"Fine, fine, get to the point, for God's sake," snarled Ruddy.

"Well, sir, under these conditions it seemed to me like the least desirable job should go to the most junior member of the company, and, um, so forth."

"So you're suggesting that my salary should go to the coffee boy." He wasn't getting it.

No, sir, more that the coffee boy's salary accompany your job. Though, more accurately, it would be the salary of the newest hire on the assembly line which was paid to the president, and vice-versa. And, of course, the assembly line itself doesn't fit my idea in the first place, because it avoids any one act of individual creativity for the sake of speed of production. As things stand now, I'm afraid nobody in the company actually has a desirable job, though of course the line workers are only a step away, whereas you, sir--" He trailed off, seeing the look on Ruddy's face.

"Am I to understand," asked Ruddy slowly, "that you advocate a system in which the position of president is considered entry-level?"

"Yes, sir, that's it exactly!" said Russell, encouraged by his understanding to show an enthusiasm which could do him nothing but harm.

"And management is so undesirable and dispensable that it is to be relegated to the individuals with no experience or credentials whatsoever?"

"Well, they would have to be trained, like they are now, only it would be the managers below, rather than above, who trained them. The middle managers would retain their positions in the hierarchy, only they would begin to strive toward a different objective, if you see what I mean. Down instead of up."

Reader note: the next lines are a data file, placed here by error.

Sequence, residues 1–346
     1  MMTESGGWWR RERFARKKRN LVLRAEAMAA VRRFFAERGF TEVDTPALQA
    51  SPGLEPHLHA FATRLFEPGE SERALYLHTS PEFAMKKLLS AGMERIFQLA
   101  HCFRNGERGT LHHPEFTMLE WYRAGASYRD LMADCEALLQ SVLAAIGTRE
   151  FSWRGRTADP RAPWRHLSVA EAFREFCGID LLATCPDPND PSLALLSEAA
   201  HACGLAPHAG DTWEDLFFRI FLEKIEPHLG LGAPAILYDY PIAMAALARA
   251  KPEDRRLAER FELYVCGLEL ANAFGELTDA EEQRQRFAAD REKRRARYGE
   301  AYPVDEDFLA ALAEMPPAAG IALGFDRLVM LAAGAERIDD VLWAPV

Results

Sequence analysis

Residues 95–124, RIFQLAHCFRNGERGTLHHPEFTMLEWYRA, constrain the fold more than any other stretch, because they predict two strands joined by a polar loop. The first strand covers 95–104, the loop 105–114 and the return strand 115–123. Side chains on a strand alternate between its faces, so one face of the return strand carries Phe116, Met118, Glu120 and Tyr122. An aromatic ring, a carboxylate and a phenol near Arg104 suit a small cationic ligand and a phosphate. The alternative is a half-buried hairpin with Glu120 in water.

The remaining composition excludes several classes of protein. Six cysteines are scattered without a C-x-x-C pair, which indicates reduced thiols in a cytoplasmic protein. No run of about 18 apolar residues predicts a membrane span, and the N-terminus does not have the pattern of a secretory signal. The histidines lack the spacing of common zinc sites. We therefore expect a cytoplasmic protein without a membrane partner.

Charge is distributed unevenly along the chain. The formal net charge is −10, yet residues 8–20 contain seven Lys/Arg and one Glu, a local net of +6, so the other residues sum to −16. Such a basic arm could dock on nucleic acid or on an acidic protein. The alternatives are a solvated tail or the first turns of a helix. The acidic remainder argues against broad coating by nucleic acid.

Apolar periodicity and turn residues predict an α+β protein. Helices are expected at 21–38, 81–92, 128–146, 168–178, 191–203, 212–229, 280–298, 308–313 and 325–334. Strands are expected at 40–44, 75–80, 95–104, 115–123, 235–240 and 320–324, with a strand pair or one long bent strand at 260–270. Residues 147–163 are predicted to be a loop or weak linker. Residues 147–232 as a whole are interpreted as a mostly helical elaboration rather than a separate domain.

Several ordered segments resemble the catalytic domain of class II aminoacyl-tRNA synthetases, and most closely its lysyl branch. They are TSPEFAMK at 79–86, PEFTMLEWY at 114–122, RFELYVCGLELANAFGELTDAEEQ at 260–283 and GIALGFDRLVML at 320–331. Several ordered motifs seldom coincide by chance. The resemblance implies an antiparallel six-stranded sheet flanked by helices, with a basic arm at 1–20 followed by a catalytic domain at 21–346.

"Down instead of up."

"Yes, sir." Shelby wasn't sure the explanation had gone as well as he had hoped. When he warmed to a subject, he sometimes forgot to notice how people reacted to what he was saying.

"Would time also run backwards?"

"No, sir, of course not!" Russell examined him closely now to see whether he might be joking. He wasn't smiling.

There came a knock at the door. The two men regarded one another, the one with a sullen hostility, the other nervously expectant. There was no way either of them cold know that the knock came from Tar-Man, happening in from another story entirely, a Deus ex Petroleum to save the life, if not the career, of Shelby Russell.

"Did you hear something?" snarled Ruddy.

"No, sir," responded Russell, as meekly as possible.

Tar-man went away.